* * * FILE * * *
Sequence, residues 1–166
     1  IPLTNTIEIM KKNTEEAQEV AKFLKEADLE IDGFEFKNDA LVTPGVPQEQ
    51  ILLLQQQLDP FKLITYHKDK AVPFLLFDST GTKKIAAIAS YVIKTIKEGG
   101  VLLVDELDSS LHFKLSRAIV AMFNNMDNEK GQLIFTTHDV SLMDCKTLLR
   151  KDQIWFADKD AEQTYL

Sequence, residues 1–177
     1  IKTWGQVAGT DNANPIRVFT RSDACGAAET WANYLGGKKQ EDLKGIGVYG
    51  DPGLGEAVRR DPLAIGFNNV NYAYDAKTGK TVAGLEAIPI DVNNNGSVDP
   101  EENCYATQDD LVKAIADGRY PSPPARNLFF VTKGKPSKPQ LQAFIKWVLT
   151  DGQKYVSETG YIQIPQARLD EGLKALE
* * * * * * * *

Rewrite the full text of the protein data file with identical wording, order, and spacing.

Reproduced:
Sequence, residues 1–166
     1  IPLTNTIEIM KKNTEEAQEV AKFLKEADLE IDGFEFKNDA LVTPGVPQEQ
    51  ILLLQQQLDP FKLITYHKDK AVPFLLFDST GTKKIAAIAS YVIKTIKEGG
   101  VLLVDELDSS LHFKLSRAIV AMFNNMDNEK GQLIFTTHDV SLMDCKTLLR
   151  KDQIWFADKD AEQTYL

Sequence, residues 1–177
     1  IKTWGQVAGT DNANPIRVFT RSDACGAAET WANYLGGKKQ EDLKGIGVYG
    51  DPGLGEAVRR DPLAIGFNNV NYAYDAKTGK TVAGLEAIPI DVNNNGSVDP
   101  EENCYATQDD LVKAIADGRY PSPPARNLFF VTKGKPSKPQ LQAFIKWVLT
   151  DGQKYVSETG YIQIPQARLD EGLKALE